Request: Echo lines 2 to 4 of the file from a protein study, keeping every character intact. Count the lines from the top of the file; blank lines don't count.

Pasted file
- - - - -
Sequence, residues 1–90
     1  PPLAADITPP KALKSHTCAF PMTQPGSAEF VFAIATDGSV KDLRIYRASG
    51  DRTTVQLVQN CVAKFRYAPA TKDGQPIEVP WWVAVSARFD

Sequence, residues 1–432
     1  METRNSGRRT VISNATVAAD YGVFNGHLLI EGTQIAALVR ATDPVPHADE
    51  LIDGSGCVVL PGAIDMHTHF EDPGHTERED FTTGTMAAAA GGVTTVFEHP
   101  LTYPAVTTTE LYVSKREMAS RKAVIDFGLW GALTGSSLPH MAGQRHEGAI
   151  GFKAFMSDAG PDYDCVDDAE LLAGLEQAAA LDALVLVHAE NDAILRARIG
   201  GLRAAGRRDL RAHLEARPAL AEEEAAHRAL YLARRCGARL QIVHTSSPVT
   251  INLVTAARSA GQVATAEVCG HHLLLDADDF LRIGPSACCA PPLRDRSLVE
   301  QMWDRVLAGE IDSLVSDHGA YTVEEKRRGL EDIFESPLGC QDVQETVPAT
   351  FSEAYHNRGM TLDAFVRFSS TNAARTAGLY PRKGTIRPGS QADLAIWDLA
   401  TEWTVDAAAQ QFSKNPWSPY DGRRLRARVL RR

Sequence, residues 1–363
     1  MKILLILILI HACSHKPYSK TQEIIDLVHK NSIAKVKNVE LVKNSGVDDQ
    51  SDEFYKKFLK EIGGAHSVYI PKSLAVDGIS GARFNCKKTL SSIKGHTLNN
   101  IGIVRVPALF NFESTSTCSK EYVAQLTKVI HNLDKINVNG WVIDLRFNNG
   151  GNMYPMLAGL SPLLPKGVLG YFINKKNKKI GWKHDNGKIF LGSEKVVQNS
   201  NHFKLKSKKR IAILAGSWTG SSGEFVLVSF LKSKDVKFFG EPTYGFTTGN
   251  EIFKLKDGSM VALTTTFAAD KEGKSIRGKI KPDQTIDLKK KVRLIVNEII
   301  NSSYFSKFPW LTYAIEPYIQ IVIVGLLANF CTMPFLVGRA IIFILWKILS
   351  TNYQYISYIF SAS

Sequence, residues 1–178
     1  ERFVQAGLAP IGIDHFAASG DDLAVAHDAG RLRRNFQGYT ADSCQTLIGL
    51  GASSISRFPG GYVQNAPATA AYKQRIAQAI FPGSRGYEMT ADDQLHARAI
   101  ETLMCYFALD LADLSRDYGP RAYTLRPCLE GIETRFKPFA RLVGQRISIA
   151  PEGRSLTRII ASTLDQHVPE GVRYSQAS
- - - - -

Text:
     1  PPLAADITPP KALKSHTCAF PMTQPGSAEF VFAIATDGSV KDLRIYRASG
    51  DRTTVQLVQN CVAKFRYAPA TKDGQPIEVP WWVAVSARFD

Sequence, residues 1–432